P5: Creating a Gritty Office Den
Adding Reflections to the scene.
Add Reflections by using Reflection probes and Screen Space Reflections.
The space is split into two sides by bookshelves. To properly have a decent reflection around the scene, I will have a reflection probe on both rooms. I will also add an override to my volume called screen-space reflection.
The first thing I did was add reflection probes to each room.
It will allow a more accurate reflection if I only placed one to cover the whole room. I made sure real-time mode is set to “On Enable.” I only want Unity to render the probe once when the scene becomes active.
I also ticked “Use influence Volume” and “Distance Based Roughness.” It will allow the probe to only render within its volume and produce accurate results.
I also want to make sure the reflection probes ignore all small game objects that aren’t important to render. Such small game objects would be trash and ashtrays with cigarettes. I put them all in a layer called “Not in Reflection.”
Images to the left are without reflection, and to the right are with reflection.
There’s a subtle difference that creates a realistic feeling to the environment.
Screen Space Reflections
To add an extra layer of realism, I added an override to my volume called “Screen Space Reflections.” The difference between SSR and reflection probes is reflection probes stores the data it receives from the camera to cube maps, while SSR uses screen space data to calculate reflections.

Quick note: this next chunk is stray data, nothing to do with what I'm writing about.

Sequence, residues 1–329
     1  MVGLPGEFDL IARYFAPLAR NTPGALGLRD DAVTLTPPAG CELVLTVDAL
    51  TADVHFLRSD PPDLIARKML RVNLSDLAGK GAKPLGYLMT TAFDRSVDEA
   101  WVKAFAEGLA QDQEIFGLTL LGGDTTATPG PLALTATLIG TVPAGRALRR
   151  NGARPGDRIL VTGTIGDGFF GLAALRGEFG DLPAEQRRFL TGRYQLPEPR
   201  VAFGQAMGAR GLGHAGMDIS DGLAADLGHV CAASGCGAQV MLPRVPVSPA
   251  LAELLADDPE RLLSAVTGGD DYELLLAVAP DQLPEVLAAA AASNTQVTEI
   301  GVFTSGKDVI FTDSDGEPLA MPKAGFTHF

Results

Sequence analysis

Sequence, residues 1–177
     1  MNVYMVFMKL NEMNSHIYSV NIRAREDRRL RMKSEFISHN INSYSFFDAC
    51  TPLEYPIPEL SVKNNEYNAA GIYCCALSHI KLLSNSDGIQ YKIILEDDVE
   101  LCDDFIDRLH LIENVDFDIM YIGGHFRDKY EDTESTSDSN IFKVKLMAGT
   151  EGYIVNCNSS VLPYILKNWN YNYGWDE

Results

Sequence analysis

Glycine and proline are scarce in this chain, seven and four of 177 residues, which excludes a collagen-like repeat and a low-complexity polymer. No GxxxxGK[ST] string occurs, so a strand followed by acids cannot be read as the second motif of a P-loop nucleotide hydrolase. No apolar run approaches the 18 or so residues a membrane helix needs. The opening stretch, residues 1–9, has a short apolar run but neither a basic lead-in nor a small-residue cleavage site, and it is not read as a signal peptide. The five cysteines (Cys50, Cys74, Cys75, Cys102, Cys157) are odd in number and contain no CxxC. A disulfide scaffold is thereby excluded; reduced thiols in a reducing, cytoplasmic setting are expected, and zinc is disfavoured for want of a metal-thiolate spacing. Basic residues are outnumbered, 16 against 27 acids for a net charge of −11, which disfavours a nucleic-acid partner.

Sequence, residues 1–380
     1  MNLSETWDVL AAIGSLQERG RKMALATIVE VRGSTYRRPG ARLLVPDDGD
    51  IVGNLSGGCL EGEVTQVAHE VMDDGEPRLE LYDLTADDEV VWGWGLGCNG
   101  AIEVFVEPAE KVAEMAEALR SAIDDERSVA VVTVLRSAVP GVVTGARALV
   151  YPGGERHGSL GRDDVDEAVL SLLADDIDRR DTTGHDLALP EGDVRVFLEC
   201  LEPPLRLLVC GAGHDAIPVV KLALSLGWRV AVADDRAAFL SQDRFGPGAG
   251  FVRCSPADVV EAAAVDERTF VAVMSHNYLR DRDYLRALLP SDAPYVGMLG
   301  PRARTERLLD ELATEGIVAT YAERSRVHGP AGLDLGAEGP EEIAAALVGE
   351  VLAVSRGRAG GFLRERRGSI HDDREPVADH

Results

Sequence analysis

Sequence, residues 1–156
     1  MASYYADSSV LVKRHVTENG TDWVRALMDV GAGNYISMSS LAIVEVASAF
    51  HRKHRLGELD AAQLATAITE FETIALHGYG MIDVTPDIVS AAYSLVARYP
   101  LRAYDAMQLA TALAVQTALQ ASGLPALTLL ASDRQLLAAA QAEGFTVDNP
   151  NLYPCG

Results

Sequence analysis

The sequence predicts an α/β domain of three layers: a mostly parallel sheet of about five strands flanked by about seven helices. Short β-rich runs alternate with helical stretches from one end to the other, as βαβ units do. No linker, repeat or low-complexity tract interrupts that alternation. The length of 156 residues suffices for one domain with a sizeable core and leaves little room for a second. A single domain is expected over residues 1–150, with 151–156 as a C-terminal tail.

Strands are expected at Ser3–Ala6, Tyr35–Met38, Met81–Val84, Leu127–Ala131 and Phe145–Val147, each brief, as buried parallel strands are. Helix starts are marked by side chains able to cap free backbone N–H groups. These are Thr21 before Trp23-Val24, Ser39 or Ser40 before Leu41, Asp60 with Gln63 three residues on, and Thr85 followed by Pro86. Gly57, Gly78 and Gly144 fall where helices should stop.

It means SSR is more expensive but gives a nice effect on the environment when used correctly.
I made sure I enabled the override with Ray tracing. Ray tracing adds an extra level of realism with the repercussion of losing some performance. I also made sure to ignore all game objects that are small and not important in the Layer Mask. Lastly, for mode, I chose performance over quality and adjusted some of the properties below it to come up with something nice.
Below are screenshots comparing reflection probes to the left and reflection probes with SSR to the right. Again, a subtle difference! The scene is also dark which does not help to compare but it’s there if you look closely!
SSR accurately reflects the environment more than what the reflection probe does.
SSR is like the parent of the reflection probe. It helps complete what the reflection probe couldn’t finish. Especially on surfaces that shouldn’t receive lighting.
I think using both reflection probes and SSR might be quite ideal as I’ve experimented here. As long as I still have great performance, then I don’t see anything wrong here. Correct me if I’m wrong!?
I know that SSR has its limitations, such as not reflecting off of transparent objects, which is where reflection probes come in.
Below are screenshots without any reflection to the left and with reflections to the right.
My next post will be about adding light probes and post-processing effects!